Oliver continues to live in the whimsical world he’s created for himself. He’s the only one rejoicing at all the paparazzi attention post-arrest, and when he meets Amy Schumer (starring as Amy Schumer), he’s totally on board to talk about selling the rights to his podcast so she can turn it into a streaming show. Also, I don’t want to point fingers immediately, but there’s something really suspicious about Amy, right? Like the fact that she likes murder and calls it cozy? Let’s remember — everyone and anyone you meet is a suspect on this show. 

And then there’s Mabel, who is trying desperately to have a life away from death. The poor girl has been through enough. Bunny literally died in her hands. There’s trauma there, which is why her memory is so hazy from that night. 

As she begins to process, she starts to remember small things, including the fact that Bunny said two things to her before she succumbed to her injuries: “14” and “savage.”

None of those things make much sense out of context, but it would be wise to remember them as they will likely come into play the more that the trio investigates. 

Mabel also has a desire to tap into her artistry, which is a welcome change of pace for her considering she was all about laying low last season. 

When Alice Banks (Cara Delevigne) reaches out as a fan of Mabel’s mural and invites her to a gallery opening, Mabel quickly jumps on the opportunity. 

But — hold on. While we’re all eager for Mabel to have a friend and close confidante around, again, everyone is a suspect. 

Isn’t it a little convenient that Alice reaches out to capitalize on Mabel’s newfound internet fame? She has to know that if Mabel shows up at the gallery, it’ll be all over social media in minutes.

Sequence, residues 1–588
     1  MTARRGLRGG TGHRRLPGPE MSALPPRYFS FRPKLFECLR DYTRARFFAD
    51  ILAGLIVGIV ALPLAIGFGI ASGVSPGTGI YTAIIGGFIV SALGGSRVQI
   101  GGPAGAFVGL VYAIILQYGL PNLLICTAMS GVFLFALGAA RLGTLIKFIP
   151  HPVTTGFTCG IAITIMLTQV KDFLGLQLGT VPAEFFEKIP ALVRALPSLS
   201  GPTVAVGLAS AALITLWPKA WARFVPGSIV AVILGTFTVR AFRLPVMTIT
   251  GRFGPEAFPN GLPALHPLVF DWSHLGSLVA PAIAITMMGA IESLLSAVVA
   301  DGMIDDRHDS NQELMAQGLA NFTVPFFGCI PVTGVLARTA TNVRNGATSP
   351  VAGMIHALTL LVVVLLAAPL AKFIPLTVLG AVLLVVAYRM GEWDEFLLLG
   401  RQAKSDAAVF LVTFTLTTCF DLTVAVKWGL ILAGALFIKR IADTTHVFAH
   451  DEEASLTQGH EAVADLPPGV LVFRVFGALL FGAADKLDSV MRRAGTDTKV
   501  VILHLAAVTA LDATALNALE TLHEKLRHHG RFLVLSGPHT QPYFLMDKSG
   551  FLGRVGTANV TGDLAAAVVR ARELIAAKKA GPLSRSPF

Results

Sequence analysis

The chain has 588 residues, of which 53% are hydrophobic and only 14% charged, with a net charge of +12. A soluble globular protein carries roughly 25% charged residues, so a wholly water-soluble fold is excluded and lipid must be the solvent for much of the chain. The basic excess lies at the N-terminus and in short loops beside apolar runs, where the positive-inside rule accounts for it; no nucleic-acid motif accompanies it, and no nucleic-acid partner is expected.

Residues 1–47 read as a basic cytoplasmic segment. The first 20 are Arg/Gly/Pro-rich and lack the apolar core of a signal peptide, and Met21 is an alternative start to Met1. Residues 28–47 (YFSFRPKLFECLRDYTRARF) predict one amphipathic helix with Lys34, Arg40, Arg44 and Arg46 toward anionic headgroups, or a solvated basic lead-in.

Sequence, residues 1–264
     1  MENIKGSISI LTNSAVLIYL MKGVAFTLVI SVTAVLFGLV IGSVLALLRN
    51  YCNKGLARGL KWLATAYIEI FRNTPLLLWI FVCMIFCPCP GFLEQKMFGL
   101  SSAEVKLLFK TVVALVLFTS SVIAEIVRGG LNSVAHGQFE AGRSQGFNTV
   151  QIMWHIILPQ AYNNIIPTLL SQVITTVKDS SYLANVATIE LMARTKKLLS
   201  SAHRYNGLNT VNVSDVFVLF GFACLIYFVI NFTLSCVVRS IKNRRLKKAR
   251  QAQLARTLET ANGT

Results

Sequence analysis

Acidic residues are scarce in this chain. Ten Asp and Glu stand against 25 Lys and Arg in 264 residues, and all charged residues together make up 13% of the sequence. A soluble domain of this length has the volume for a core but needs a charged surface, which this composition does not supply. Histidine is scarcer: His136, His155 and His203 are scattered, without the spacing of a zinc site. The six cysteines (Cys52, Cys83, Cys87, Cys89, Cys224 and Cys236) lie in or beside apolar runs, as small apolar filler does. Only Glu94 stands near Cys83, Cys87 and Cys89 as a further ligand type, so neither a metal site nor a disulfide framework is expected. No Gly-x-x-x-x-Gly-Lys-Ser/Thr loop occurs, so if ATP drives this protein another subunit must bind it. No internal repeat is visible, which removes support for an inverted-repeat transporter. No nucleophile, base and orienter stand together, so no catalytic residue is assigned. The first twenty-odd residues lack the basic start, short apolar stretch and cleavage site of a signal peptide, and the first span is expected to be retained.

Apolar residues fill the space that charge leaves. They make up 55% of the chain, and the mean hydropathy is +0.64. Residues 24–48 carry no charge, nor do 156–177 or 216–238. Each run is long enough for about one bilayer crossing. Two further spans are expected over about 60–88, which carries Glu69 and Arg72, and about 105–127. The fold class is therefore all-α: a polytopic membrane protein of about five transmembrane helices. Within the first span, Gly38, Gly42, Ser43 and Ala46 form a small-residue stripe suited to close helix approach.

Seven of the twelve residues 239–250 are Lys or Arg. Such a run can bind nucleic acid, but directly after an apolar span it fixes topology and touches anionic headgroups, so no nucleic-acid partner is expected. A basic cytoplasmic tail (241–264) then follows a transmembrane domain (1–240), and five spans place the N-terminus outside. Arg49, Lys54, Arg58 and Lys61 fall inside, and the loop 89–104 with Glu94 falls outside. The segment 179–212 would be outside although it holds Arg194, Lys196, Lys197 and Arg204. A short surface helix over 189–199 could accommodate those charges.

There’s also the fact that when Charles, Oliver, and Mabel break into Bunny’s apartment (only because they heard her voice, which turned out to be her pet parrot, who will likely provide some clarity on what transpired the night of Bunny’s death, I’m sure), they overhear Uma and Howard discuss a painting that was stolen from her apartment that’s worth millions. 

It can’t be a coincidence that an art gallery owner expresses interest in Mabel around the same time she’s framed for the murder of the owner of a pricy piece of art. There’s also the note Oliver finds informing Bunny that someone wanted the painting. Could it be Alice? Or Amy? Or Cinda? Everyone has something to gain from keeping this murder investigation going! 

The trio eventually escapes via a secret, hidden elevator in Bunny’s closet without getting caught sneaking around the dead woman’s apartment, which would have made them guilty, but you’ve got to wonder why they didn’t even hesitate to take an old and unknown elevator down to an unknown exit? What if it got stuck? Am I being too practical? 

The hidden elevator is a surprising development, sure, but it likely isn’t the only hidden entryway/exit the Arconia has to offer. That place is a maze, and those residents know way more than they are letting on. 

And it would explain how so many things go unnoticed. Like the fact that the expensive art piece ended up hanging on Charles’ apartment wall. 

Why does the killer want to frame him? And furthermore, why did Bunny have a nude painting of Charles’ father in her house? Despite Bunny’s death, we’re going to find out way more about her, and hopefully, many of the other residents. There are so many characters living in that massive structure, it’s time to get to know them on a deeper level. 

I have a lot of questions after this episode, but that only means it was an intriguing and captivating installment in yet another promising and twisted season of this refreshing murder mystery series. 

What did you think of the episode? Weigh in below with thoughts, comments, and theories!